As someone who has shot weddings, portraits and shoots now 4×5, my development is one of discovery and real hard self study..not following rule of thirds, and exposing for what you see. You need to be creative, know the techniques etc..

    Charlie Waite I think is doing the landscape one when it comes… I’ll be interested to see how he expresses himself.

    Btw your body of work is quite good, but learn to not just point the camera and take what you see, but to see and take what you dont..look beyond

    The program on Weddings, with someone Ive never heard of, was quite frankly a joke.
    Not because her images were poor, although i feel that werent great either, but like everything these days, thats jumping on the photography bandwagon, the art is so being dumbed down, and everyone thinks that they can become a photographer by buying an slr and put online a portfolio.

  2. @Steve – thanks for your comments, although I can’t say I entirely agree. With a 22 minute programme, there is only so much information that the producers can put across and, for purely commercial reasons, it is pitched for a broad appeal. To say that someone with more experience can get something out of it too is not naive – I, and several members from my camera club have got something out of it – even if that’s not as much as someone who’s just got their first camera will. Indeed, that was my whole reason for distilling the entire programme down to a few tips in a blog post. Sure, it’s not a programme for professional, or semi-professional photographers – but then again, they’re not likely to get much out of the average consumer photography magazine either…

    And yes, taking your time and learning is far more important that machine gunning – I expect that’s one of the points Charlie Waite will make when he talks about landscapes – but for people (who just want to take better images, and maybe see the camera as a tool, rather than photography as a hobby) telling them to slow down might not help them much when they aree trying to grab the right moment at a social occasion.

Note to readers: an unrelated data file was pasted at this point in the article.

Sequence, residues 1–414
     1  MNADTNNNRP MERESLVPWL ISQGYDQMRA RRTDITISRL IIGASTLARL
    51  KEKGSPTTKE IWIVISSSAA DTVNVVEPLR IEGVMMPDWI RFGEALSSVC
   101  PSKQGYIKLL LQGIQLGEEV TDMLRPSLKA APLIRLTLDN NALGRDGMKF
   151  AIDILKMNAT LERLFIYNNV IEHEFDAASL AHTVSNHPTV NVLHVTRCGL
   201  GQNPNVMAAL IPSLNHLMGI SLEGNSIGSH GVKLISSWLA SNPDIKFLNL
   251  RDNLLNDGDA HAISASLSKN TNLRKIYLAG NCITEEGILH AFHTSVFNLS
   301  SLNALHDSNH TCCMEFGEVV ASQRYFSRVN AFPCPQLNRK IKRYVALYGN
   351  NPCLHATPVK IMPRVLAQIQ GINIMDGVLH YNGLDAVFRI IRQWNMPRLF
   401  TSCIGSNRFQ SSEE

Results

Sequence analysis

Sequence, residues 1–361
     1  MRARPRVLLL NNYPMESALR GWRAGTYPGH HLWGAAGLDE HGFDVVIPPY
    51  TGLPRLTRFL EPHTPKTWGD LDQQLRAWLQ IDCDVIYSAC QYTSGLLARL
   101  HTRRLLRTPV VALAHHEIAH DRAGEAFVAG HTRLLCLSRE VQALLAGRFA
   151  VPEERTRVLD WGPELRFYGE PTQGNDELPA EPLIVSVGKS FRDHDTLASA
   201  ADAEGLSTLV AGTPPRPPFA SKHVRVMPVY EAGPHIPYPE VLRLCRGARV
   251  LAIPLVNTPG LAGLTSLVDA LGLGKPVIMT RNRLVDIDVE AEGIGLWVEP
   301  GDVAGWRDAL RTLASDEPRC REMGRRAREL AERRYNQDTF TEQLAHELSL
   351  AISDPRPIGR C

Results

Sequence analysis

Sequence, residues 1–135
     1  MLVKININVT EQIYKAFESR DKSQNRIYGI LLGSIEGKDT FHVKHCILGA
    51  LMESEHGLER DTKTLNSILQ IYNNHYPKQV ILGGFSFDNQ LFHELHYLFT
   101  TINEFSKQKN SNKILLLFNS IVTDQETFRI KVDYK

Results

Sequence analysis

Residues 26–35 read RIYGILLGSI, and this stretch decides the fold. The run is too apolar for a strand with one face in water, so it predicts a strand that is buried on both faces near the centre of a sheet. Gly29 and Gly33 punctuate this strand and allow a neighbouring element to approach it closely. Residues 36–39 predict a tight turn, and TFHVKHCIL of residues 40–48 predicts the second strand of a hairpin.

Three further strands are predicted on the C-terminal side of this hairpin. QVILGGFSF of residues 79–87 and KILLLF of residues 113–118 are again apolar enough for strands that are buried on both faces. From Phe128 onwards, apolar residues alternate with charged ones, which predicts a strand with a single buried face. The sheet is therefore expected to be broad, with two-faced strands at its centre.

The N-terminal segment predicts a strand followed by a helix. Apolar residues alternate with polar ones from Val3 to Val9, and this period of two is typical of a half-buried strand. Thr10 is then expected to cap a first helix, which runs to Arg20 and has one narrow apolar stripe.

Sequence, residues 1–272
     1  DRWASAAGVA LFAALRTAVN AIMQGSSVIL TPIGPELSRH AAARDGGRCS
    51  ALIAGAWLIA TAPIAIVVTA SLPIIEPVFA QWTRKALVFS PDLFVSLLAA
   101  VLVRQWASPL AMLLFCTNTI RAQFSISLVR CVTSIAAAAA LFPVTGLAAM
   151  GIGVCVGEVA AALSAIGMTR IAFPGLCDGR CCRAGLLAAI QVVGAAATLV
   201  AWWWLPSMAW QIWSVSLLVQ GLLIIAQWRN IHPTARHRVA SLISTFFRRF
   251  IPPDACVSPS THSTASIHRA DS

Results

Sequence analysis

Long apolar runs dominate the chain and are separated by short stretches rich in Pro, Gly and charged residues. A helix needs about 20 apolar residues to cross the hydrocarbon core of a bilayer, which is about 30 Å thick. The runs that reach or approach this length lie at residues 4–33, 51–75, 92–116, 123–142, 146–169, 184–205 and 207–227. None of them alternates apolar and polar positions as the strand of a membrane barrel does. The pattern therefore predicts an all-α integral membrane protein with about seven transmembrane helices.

One thing I can agree with you on is that too many people are taking the mickey when it comes to shooting weddings, family portraits, etc. I have written about that previously on this blog, so I won’t dwell here – but you seem to implying that, because you now use medium format gear, anyone using an SLR is still learning. Medium format is great for some purposes, but can be expensive (exclusive) and inflexible – indeed my own wedding photographers (back in the days of film) were using a mixture of formats to capture our day – it’s about using the right tool for the job. I’ll agree that there are some “average” photographers out there selling themselves as wedding and portrait ‘togs, but that’s not to say there are not some more with real experience and creative talent using a DSLR.

    Finally, thanks for commenting on my own work; although I have to say that such a general comment is not really much help – I’d invite you to leave comments on specific images in my Flickr photostream so that I may learn from your experience (unfortunately you didn’t leave a URL for me to check out some of your work).